to others, that neither does he speak. (No advantage for listener!)

Such speech as the Perfect One knows to be both true and correct,
and also advantageous, yet still unwelcome & disagreeable to others,
that speech the Perfect One waits for the right time to speak!
(Correct constructive critique should fall, when it does not hurt!)

Such speech as the Perfect One knows to be untrue and incorrect,
disadvantageous, but pleasing, agreeable and welcome to others,
that he does neither speak. (Empty and false flatter is all out...)

Such speech as the Perfect One knows to be both true and correct,
but disadvantageous, though pleasing, agreeable & welcome to others,
that he does not speak. (No speech, when no advantage for listener!)

Such speech as the Perfect One knows to be both true and correct,
advantageous, and also pleasing, agreeable and welcome, that speech
the Perfect One knows and picks the exact right time to speak.
(Making well timed maximum impact of advantage for listener!)

MN 58

The question is, who is the listener? If the whole world is watching (to use the language of the Vietnam War era), it's kind of hard to do something like this in a manner that mitigates the effects on those for whom it is disadvantageous.

Of course this is irrelevant if one does not accept the notion that a public demonstration might constitute a form of speech.
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Re: Self-immolation: Equanimity?

Postby Dan74 » Sun Oct 04, 2009 12:52 pm

My first retreat was at the Quan Duc Temple in Fawkner, so I have a kind of a connection with this story. It terms of the resolve and equanimity displayed by Ven Quan Duc, it continues to nourish and inspire me in practice.

In terms of Theravada justification, I can only think of Jataka tales. Wasn't there one where the Buddha-to-be sacrifices his body for the emaciated tigress and her cubs?

But I agree with other posters - I do not feel qualified to judge Ven Quan Duc. If anything, I prostrate myself before his selfless action.

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Re: Self-immolation: Equanimity?

Postby Jechbi » Sun Oct 04, 2009 4:04 pm

Dan74 wrote:In terms of Theravada justification, I can only think of Jataka tales. Wasn't there one where the Buddha-to-be sacrifices his body for the emaciated tigress and her cubs?
I think there's another one where, as a monkey king, he uses his body to save his subjects. Maybe it's a recurring theme.
Dan74 wrote:I do not feel qualified to judge Ven Quan Duc. If anything, I prostrate myself before his selfless action.
Good point.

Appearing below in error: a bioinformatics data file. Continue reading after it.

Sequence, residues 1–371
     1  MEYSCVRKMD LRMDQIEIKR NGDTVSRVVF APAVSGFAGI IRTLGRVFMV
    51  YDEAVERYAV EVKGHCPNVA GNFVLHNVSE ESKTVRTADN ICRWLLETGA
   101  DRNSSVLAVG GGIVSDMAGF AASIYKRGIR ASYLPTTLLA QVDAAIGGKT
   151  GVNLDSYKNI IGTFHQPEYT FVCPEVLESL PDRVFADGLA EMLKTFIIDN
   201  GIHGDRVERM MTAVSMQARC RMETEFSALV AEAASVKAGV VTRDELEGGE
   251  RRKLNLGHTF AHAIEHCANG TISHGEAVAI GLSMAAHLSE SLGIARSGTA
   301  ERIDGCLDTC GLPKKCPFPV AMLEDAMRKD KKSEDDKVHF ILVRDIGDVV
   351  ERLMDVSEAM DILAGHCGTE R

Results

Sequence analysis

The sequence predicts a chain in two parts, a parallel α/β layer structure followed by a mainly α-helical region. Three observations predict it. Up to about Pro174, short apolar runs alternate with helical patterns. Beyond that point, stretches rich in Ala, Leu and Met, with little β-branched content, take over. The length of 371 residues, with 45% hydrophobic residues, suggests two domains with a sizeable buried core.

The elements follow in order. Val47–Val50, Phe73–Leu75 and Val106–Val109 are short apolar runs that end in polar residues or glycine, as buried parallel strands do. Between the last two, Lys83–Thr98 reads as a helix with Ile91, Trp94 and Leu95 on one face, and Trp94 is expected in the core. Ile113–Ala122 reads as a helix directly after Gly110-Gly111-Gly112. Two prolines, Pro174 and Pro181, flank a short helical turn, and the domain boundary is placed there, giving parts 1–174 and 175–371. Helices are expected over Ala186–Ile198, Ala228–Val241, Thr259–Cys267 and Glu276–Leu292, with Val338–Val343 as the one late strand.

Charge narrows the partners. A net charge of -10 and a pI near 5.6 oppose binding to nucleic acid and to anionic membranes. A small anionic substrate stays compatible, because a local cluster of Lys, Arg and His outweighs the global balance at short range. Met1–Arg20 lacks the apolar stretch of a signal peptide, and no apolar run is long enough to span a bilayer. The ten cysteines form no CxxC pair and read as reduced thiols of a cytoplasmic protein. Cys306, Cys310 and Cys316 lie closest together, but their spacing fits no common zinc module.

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Re: Self-immolation: Equanimity?

Postby Individual » Sun Oct 04, 2009 4:59 pm

Dan74 wrote:In terms of Theravada justification, I can only think of Jataka tales

In the suttas, there are the cases of Channa and Vakkali:
http://www.urbandharma.org/udharma/suicide.html

Not identical, but similar cases.

That article above should also have references in it on the various cases where suicide is condemned in the suttas.
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Re: Self-immolation: Equanimity?

Postby mikenz66 » Sun Oct 04, 2009 8:59 pm

In the case of Channa there was no blame because he was an Arahant at the point of death. http://awake.kiev.ua/dhamma/tipitaka/2S ... ada-e.html So if Venerable Thich Quang Duc was an Arahant then there is no blame.

Besides, the case of Venerable Thich Quang Duc is different from the suicide cases in the Suttas, such as Channa's, because he didn't kill himself to end bodily suffering, but for selfless reasons.

Here's an old E-Sangha thread that might be useful: http://www.lioncity.net/buddhism/index. ... topic=4622

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Re: Self-immolation: Equanimity?

Postby fivebells » Sun Oct 04, 2009 9:16 pm

Does blame ever enter into questions of Dhamma?
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Re: Self-immolation: Equanimity?

Postby mikenz66 » Sun Oct 04, 2009 9:21 pm

fivebells wrote:Does blame ever enter into questions of Dhamma?

Here: http://telescopes.stardate.org/research/cosmic_rulers/ the translation is "blame", in a quote from Horner's translation:
For whoso, Saariputta, lays down one body and takes up another body, of him I say "He is to blame." But it is not so with the brother Channa. Without reproach was the knife used by the brother Channa.

My recollection is that Bhikkhu Bodhi uses "blame", but I don't have the volume with me right now.
Here: http://awake.kiev.ua/dhamma/tipitaka/2S ... ada-e.html the translation is "fault".